Brandon Marshall and Jay Cutler may not be close friends anymore, but the former Bears wide receiver still respects his old teammate enough to make a bold statement regarding his upcoming season.
Appearing on First Take—bastion, or cesspool, of sports hot takes—Tuesday morning, Marshall dropped a bomb on Stephen A. Smith and Max Kellerman: Cutler could very well be this season’s NFL MVP.
Listen below, starting at about the 7:55 mark, for the video evidence:
Granted, this prediction does come with some conditions for Marshall. For one, Alshon Jeffery has to remain healthy for a whole season, which, as far as his per game averages suggest, would mean big numbers for him and for Cutler.
Secondly, Kevin White, whom the Bears have high hopes for and who has so far played well in his first training camp, needs to have an impact.
In particular, Marshall mused that 55 catches or more for White in his first year are needed, along with Jeffery’s production, to help vault Cutler into that conversation. Given the rapport he appears to be developing with his quarterback, that benchmark seems reasonable should White stay on the field.
It must be pointed out that this statement by Marshall isn’t supported by Cutler’s career arc as it currently stands. To this point, the Bears signal caller has only topped the 4,000-yard mark in a season once—as a member of the Denver Broncos in 2008—and has yet to reach 30 touchdown passes in a season, with his high water mark being 28 in 2014.
But while the idea of him legitimately competing for an MVP might be far-fetched, it’s not ridiculous to think that Cutler could build on his successful campaign last year—in which he posted a career-high in passer rating with 92.3—and perhaps justify some of the wishful thinking that is inevitably attached to the 33-year-old quarterback and his abilities.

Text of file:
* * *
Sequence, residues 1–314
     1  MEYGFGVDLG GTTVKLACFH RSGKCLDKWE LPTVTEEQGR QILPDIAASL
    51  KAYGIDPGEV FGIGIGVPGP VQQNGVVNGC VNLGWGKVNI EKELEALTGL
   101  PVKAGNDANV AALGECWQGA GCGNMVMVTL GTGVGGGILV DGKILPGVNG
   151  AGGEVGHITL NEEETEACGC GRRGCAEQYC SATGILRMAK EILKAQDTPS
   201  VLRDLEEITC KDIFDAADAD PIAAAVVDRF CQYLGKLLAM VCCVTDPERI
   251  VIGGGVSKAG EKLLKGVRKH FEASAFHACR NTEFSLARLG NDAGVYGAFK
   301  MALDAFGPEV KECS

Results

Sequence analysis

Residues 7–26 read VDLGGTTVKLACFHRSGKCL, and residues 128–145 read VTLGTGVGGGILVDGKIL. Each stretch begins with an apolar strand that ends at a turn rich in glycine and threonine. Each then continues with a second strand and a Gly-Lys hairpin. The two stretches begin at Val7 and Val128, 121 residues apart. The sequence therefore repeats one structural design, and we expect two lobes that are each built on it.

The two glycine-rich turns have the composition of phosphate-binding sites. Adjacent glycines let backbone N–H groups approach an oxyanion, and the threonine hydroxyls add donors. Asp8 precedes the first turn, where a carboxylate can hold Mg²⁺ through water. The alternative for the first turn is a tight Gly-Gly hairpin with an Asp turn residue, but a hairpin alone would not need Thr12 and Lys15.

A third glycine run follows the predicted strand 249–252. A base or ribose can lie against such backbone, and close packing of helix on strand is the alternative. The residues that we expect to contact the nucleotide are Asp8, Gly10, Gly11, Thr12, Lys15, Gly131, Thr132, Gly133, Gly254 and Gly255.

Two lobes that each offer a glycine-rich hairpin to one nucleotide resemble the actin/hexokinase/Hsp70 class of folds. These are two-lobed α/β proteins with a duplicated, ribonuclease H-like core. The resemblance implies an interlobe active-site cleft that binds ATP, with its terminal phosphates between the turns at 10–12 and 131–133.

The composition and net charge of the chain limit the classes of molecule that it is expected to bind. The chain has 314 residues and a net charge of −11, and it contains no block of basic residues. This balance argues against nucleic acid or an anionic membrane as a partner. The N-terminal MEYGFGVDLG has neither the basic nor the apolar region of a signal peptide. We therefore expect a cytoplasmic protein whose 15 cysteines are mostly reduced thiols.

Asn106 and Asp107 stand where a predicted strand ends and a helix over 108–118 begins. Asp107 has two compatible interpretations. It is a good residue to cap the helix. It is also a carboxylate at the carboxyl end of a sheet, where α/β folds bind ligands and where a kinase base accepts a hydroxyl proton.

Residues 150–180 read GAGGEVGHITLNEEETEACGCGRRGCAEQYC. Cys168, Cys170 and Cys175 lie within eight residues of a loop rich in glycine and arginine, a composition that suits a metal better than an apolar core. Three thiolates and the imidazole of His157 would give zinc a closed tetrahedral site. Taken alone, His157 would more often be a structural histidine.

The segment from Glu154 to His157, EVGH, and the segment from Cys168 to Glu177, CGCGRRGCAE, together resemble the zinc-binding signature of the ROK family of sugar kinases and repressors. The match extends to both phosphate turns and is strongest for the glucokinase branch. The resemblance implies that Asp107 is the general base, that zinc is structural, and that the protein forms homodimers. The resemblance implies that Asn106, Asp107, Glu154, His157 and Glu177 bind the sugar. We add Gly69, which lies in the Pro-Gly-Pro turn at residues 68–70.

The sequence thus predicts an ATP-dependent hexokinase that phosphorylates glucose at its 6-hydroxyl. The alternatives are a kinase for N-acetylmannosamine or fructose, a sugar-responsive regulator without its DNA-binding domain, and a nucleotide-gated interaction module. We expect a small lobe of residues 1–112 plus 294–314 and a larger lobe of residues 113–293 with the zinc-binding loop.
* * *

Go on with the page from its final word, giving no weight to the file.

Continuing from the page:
For one, a healthy Jeffery and a productive, available White should indeed mean a big year for Cutler. Jeffery, as mentioned before, has a proven track record of strong play when he is on the field, and White’s size, speed, and athleticism has been showing itself in routine dominations of Kyle Fuller and Tracy Porter, for what that’s worth.
Also, Cutler’s football IQ and hard work in the offseason appear to be giving him a leg up as he transitions into the scheme being used by new offensive coordinator Dowell Loggains. As Marshall points out in the interview, Cutler is known for working with his receivers during the spring and summer months, often inviting them to his home in Nashville to run routes in preparation for the upcoming season.
So far, the 11th-year quarterback has looked comfortable throwing the ball in camp in both 7-on-7 drills and in full-team sessions, whether it’s connecting Jeffery, White, Zach Miller, or Jeremy Langford out of the backfield.
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He still can spin the ball and fit throws into tight windows before defenders can reach them, as I watched him do a few times at camp on completions to Langford and White when they were closely covered.
But if there’s any doubt as to his leadership abilities, Ka’Deem Carey did his best to dispel all that on Monday, calling Cutler the undisputed “captain of the offense” and playing up his quarterback’s detailed knowledge of where everyone is supposed to be and what their assignments are.
I have no intention on “going to Vegas” with the Cutler-for-MVP bet as Marshall advertised, but count me among the people that expects him to have a productive year if his supporting cast can remain healthy and his offensive line can keep him upright. After he just posted a career-high in passer rating with 92.3, it’s not unreasonable to think he can do it again in a similar offensive system to what he was in last year.
Who knows? If this team surprises everyone and make the playoffs this season, maybe the erstwhile Bears receiver could actually be proven right.